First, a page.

Marine Biology

, Volume 149, Issue 6, pp 1291–1299 | Cite as

Caribbean mangroves and seagrass beds as daytime feeding habitats for juvenile French grunts, Haemulon flavolineatum

  • Marieke C. Verweij
  • Ivan Nagelkerken
  • Suzanne L. J. Wartenbergh
  • Ido R. Pen
  • Gerard van der Velde
Research Article


Caribbean seagrass beds are important feeding habitats for so-called nocturnally active zoobenthivorous fish, but the extent to which these fishes use mangroves and seagrass beds as feeding habitats during daytime remains unclear. We hypothesised three feeding strategies: (1) fishes feed opportunistically in mangroves or seagrass beds throughout the day and feed predominantly in seagrass beds during night-time; (2) fishes start feeding in mangroves or seagrass beds during daytime just prior to nocturnal feeding in seagrass beds; (3) after nocturnal feeding in seagrass beds, fishes complete feeding in mangroves or seagrass beds during the morning. We studied the effect of habitat type, fish size, social mode and time of day on resting and feeding behaviour of large juvenile (5–10 cm) and sub-adult (10–15 cm) Haemulon flavolineatum in mangroves and seagrass beds during daytime. Sub-adults occurred in mangroves only, spent most time on resting, and showed rare opportunistic feeding events (concordant with strategy 1), regardless of their social mode (solitary or schooling). In contrast, large juveniles were present in both habitat types and solitary fishes mainly foraged, while schooling fishes mainly rested. Exceptions were small juveniles (±5 cm) in seagrass beds which foraged intensively while schooling. Large juveniles showed more feeding activity in seagrass beds than in mangroves. In both habitat types, they showed benthic feeding, whereas pelagic feeding was observed almost exclusively in the seagrass beds. In both habitat types, their feeding activity was highest during 8:00–10:30 hours (concordant with strategy 3), and for seagrass fishes, it was also high during 17:30–18:30 hours (concordant with strategy 2). The study shows that both mangroves and seagrass beds provide daytime feeding habitats for some life-stages of H. flavolineatum, which is generally considered a nocturnal feeder.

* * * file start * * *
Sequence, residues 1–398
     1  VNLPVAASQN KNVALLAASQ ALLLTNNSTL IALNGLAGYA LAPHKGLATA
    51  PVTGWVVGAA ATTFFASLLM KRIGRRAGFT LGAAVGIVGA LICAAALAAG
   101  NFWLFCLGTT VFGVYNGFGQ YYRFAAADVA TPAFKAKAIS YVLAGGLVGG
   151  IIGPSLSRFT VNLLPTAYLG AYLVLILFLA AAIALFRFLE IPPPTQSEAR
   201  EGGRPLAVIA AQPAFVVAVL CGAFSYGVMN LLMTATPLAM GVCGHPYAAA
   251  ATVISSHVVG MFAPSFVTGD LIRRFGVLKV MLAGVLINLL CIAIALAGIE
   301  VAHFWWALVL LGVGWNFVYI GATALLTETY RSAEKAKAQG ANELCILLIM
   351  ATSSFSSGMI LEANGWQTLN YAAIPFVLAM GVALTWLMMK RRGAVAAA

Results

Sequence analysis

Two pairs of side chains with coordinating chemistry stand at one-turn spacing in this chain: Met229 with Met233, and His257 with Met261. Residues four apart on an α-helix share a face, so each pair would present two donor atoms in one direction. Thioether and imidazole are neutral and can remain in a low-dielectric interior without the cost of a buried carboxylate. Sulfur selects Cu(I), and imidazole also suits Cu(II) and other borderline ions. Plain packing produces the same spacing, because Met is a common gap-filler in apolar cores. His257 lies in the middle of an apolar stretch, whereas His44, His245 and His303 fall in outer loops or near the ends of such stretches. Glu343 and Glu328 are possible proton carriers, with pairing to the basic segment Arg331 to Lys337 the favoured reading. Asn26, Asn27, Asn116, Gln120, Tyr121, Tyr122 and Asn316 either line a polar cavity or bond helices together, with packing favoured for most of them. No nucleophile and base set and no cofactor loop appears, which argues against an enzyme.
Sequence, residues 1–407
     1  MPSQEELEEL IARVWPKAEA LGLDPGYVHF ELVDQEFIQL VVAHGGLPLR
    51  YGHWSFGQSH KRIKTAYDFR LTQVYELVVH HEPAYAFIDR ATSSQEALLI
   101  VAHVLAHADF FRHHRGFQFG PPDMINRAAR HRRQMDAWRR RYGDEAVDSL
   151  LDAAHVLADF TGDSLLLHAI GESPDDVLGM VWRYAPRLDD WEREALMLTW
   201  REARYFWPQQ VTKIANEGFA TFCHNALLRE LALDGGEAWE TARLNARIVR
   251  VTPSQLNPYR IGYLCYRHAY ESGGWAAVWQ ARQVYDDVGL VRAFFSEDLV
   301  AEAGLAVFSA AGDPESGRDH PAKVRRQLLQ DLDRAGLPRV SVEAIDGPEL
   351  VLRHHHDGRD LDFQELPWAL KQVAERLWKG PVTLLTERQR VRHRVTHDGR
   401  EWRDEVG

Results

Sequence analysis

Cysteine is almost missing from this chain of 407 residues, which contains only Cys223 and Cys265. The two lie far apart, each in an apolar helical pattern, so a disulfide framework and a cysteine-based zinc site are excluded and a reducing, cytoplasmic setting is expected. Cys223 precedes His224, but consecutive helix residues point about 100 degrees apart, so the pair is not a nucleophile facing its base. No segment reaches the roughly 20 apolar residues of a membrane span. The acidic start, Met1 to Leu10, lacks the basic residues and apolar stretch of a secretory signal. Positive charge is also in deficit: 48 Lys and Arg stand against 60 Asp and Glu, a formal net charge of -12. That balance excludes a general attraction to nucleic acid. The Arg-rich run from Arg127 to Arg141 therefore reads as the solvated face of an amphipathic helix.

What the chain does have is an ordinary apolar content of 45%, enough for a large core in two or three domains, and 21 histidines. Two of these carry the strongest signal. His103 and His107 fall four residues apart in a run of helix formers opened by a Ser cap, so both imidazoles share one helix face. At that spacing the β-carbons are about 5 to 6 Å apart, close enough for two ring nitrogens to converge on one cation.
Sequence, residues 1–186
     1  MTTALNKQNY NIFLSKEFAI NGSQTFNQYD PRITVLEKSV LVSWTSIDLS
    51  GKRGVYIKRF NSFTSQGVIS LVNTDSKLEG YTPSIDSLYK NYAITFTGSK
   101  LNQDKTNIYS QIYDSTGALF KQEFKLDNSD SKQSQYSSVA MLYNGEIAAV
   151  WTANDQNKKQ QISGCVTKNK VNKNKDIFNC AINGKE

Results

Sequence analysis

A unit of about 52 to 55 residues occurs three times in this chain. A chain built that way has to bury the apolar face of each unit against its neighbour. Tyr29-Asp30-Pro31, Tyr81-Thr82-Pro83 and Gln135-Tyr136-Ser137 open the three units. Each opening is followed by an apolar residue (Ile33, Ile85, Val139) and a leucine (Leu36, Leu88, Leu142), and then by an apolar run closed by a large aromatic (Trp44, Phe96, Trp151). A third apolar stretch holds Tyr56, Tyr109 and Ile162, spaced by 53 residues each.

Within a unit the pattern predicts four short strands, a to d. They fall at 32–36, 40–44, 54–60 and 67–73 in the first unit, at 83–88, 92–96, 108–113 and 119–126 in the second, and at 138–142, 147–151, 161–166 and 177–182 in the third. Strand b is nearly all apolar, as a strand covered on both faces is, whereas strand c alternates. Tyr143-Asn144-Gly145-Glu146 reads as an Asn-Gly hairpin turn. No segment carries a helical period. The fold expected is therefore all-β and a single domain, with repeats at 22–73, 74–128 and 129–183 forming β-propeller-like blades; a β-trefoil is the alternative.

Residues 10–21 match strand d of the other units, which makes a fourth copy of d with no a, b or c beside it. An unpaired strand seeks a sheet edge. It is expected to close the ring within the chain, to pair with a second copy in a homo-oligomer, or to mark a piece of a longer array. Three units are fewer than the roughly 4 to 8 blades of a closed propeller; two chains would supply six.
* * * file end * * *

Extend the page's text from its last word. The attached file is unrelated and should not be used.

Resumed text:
Habitat Type Social Mode Large Juvenile Nocturnal Feeding Shelter Habitat 
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This study was funded by NUFFIC through the ENVIRONS-MHO Project, the Netherlands Organisation for Scientific Research (NWO), and the Schure-Beijerinck-Popping Fonds. IN was supported by a VIDI grant from the Netherlands Organisation for Scientific Research. We thank the staff and personnel of the Carmabi Foundation for their hospitality and provision of research materials. Asiento marina kindly provided dock space for our research boat. We furthermore thank the departments of Animal Behaviour and Marine Biology of the University of Groningen for providing office space for writing the ms. This is Centre for Wetland Ecology publication number 384.


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Copyright information

© Springer-Verlag 2006

Authors and Affiliations

  • Marieke C. Verweij
    • 1
  • Ivan Nagelkerken
    • 1
  • Suzanne L. J. Wartenbergh
    • 1
  • Ido R. Pen
    • 2
  • Gerard van der Velde
    • 1
  1. 1.Department of Animal Ecology and Ecophysiology, Institute for Water and Wetland Research, Faculty of ScienceRadboud UniversityNijmegenThe Netherlands
  2. 2.Theoretical Biology Group, Centre for Ecological and Evolutionary StudiesUniversity of GroningenHarenThe Netherlands

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